School of Art Symposium Draws Artists
Even in a digital age, artists and educators are drawn to the simplicity of drawing.
DRAW2014 brought together artists and practitioners from around the world to Carnegie Mellon University at the end of February to emphasize the fundamentals of drawing.
Fashion/art "it girl" Shantell Martin invited the audience to join her in a multimedia performance. She said she hoped participants walked away wanting to make their own mark on the world.
"Drawing has a bad reputation. Basically, there is this idea, if you ask adults if they can draw, they say, 'oh I can only draw a stick man.' In the educational system, we've told them that that's what drawing is. And for those of us who couldn't color inside the lines, our confidence was crushed," Martin said. "You don't have to be doing what everyone else is doing. The point is to leave your own style and personality in your work."
John Carson, head of CMU's School of Art, said symposia such as DRAW2014 are important for examining what drawing really is.
"Most people were educated to think drawing is being able to take a pencil and make a realistic representation of something like a photograph. But drawing can be a way of thinking, exploring ideas, fantasizing, speculating. It can be all sorts of things, not just a still life," Carson explained.
In terms of drawing media, Carson said most people think of pencils, charcoal or painting. But he wanted to open participants' minds to what drawing has been and can be.
"Dancing is about people using their bodies and drawing in space. Tire tracks in the snow can be a kind of drawing. With this symposium, we wanted to get as many interesting practitioners together as possible and encourage expansive thinking," Carson said.
Highlights of the symposium included lectures from:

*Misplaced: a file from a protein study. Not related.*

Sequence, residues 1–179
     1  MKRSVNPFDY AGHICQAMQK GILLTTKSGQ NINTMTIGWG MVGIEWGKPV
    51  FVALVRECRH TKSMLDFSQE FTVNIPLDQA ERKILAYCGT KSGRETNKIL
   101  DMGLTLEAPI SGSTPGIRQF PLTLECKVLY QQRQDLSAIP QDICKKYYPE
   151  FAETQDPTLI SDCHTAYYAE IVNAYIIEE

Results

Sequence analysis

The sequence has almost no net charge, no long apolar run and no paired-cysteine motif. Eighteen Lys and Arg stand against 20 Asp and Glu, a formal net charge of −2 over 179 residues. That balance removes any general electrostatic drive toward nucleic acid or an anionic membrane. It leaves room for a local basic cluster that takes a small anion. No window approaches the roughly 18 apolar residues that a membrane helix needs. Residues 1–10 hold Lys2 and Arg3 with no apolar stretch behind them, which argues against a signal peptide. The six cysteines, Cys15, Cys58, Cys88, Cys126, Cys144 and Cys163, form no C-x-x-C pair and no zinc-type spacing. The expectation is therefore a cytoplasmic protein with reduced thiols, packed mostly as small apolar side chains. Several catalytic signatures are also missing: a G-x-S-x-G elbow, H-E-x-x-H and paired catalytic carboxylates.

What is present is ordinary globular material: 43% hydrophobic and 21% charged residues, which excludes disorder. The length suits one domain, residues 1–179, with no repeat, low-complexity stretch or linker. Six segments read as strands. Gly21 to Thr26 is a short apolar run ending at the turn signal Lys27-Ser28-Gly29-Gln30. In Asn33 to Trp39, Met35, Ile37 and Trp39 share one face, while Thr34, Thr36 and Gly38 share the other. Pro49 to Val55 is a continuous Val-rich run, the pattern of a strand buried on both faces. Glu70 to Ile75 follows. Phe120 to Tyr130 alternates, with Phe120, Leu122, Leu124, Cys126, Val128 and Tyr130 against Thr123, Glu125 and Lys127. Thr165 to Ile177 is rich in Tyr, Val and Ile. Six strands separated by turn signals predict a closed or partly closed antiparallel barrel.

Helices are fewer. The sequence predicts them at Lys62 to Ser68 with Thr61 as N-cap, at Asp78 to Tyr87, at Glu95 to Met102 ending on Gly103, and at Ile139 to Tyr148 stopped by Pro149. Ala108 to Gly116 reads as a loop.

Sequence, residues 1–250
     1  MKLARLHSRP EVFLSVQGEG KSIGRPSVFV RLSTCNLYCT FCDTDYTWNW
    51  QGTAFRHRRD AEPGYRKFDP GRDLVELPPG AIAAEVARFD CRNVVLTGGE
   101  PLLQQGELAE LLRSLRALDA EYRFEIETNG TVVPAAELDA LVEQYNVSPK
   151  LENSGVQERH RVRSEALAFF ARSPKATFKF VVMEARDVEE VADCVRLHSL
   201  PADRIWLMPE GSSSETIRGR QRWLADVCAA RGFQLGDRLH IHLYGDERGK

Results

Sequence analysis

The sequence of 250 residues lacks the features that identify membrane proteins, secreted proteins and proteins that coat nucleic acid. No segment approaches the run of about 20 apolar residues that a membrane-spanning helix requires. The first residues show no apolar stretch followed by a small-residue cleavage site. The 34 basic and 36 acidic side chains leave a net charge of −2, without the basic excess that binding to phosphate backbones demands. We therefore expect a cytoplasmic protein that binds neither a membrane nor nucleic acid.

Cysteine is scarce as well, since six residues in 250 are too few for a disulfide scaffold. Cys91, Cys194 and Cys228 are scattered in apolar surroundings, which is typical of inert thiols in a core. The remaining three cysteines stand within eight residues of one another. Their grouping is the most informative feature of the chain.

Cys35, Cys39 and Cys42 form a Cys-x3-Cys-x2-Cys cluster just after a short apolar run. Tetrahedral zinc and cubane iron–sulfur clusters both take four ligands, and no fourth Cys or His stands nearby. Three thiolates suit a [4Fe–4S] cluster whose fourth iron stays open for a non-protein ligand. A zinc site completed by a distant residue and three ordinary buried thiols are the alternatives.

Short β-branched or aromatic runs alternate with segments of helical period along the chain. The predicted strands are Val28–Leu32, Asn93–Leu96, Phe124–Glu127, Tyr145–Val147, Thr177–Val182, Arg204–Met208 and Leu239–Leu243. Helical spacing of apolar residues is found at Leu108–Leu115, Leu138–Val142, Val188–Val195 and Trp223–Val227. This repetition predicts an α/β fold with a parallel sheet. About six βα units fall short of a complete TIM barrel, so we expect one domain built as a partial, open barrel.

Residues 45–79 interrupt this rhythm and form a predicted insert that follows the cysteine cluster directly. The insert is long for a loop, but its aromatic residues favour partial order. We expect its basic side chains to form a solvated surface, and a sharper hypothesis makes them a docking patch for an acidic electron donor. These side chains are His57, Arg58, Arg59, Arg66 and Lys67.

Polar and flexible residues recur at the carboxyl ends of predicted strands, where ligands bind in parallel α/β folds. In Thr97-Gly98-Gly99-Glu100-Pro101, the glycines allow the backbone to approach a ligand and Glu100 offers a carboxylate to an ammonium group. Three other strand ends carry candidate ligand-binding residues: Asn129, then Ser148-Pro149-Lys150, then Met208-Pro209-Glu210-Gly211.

- Amy Sillman, 2014 Distinguished Lepper Lecturer and visiting artist at CMU;
- Stephen Farthing, painter and chair of drawing at the University of the Arts London;
- Helen Molesworth, chief curator at the Institute of Contemporary Art, Boston; and
- Shahzia Sikander, Pakistani-American artist known for her politically rich, experimental take on Indo-Persian miniature painting.
In addition 2013 Carnegie International artist and prizewinner Nicole Eisenman led a figure drawing session in the Carnegie Museum of Art's Grand Hall of Sculpture.
Visiting artists, CMU faculty and alumni hosted workshops spanning silverpoint, comics and animation, generative drawing with code, botanical illustration, post-Google drawing, drawing as political action, drawing as performance and much more. An arcade provided an opportunity to meet local artists, illustrators, bookmakers and more showing and selling work, conducting demos, providing information and provoking conversation.
The symposium was co-organized by Clayton Merrell, associate head and associate professor of art, and Patricia Bellan-Gillan, professor of art.
"Drawing is so often the starting point and the first manifestation of an idea, an artwork, a building. It's very close to the thinking process itself," Merrell said. "It's a very direct and pure tool for communication. We draw today in myriad ways with low-tech and high-tech tools, but the act of representing spaces and ideas through schematic lines is just as immediate, powerful and useful today as ever."